Israel has said 11 more hostages have been released from the Gaza Strip by Hamas.
Late on Monday they were said to be having medical checks before being reunited with their families.
Kibbutz Nir Oz said in a statement that all of them were from its community, but that 49 were still being held.
It is the fourth release of hostages under a ceasefire deal that began on Friday.
Israel is set to free 33 Palestinian prisoners in exchange.
The truce was set to end early on Tuesday, but mediator Qatar said it would now be extended for two days.
Some 240 people were kidnapped during the deadly Hamas attack in Israel.
'Glimpse of hope'
The head of the UN has welcomed the extension as "a glimpse of hope and humanity in the middle of the darkness of war".
However António Guterres warned it was still not enough time to meet the aid needs of the Gaza Strip.
He said the dialogue that led to the agreement must continue, "resulting in a full humanitarian ceasefire, for the benefit of the people of Gaza, Israel and the wider region".
Mr Guterres once again called for the remaining hostages to be released immediately and unconditionally.
Meanwhile Gazans in the north of the enclave had their first sip of clean water in weeks on Monday as a continuing pause in fighting enabled broadening aid access to the Strip, the UN said.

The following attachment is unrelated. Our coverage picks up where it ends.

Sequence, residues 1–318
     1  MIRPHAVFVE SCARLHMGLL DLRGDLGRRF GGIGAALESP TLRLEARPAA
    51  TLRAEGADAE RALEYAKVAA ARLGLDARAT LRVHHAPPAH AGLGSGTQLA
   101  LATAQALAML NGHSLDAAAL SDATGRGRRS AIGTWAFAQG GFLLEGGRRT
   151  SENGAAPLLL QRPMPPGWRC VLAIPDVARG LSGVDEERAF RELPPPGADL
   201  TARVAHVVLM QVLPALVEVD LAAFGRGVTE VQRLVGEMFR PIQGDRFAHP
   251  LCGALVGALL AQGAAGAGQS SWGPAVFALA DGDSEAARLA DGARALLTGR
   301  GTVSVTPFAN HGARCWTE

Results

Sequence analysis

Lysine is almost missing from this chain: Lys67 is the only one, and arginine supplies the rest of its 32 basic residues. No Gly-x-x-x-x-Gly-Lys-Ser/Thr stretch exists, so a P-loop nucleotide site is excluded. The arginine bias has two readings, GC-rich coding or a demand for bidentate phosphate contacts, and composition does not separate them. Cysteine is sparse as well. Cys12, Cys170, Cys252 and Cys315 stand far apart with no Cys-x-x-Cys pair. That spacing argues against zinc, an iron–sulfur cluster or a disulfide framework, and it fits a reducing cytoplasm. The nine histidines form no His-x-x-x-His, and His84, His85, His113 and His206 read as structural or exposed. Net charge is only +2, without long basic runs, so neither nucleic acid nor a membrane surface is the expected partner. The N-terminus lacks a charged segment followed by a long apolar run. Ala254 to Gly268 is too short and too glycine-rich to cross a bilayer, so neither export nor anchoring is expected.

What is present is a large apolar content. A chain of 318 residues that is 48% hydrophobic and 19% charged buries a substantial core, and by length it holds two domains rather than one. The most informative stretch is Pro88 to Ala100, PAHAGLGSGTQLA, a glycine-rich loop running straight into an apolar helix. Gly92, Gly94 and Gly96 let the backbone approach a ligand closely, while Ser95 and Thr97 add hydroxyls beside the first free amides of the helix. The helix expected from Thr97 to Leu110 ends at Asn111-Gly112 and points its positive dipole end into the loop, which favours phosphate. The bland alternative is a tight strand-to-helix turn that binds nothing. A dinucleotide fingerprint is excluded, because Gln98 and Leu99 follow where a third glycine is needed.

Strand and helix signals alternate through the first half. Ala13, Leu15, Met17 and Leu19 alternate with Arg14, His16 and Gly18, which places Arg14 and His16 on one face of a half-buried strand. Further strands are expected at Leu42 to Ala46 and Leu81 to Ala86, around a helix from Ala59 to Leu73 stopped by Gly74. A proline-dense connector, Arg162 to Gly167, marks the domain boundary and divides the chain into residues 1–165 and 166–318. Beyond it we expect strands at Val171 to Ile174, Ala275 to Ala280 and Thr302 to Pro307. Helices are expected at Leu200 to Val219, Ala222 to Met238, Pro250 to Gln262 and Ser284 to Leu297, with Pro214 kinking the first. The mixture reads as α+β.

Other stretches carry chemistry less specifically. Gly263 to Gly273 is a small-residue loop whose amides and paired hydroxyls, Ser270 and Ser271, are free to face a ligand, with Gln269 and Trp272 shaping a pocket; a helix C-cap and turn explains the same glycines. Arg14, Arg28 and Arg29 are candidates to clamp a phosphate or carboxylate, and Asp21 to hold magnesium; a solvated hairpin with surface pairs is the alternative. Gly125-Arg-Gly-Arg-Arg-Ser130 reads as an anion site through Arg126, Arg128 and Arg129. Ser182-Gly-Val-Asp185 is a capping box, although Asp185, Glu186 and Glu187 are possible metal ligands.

"This aid barely registers against the huge needs of 1.7 million displaced people," a statement from the UN Secretary-General's office said.
"The humanitarian catastrophe in Gaza is getting worse by the day," it added.
Food and medicine
The UN emergency relief coordination office, OCHA, said on Sunday that a joint UN convoy collected 7,600 doses of vaccines for various diseases from the Gaza Ministry of Health warehouse.
It said these were successfully brought to the south, as they would have become unusable due to a lack of refrigeration in the north.
Aid convoys brought ready-to-eat food to four shelters run by the UN agency for Palestine refugees (UNRWA) in north Gaza's Jabalia camp on Sunday, as well as tents, blankets and bottled water.
Reports from health authorities indicate that nearly 15,000 Palestinians in total have died in the enclave since October 7th, with two-thirds of the dead being women and children.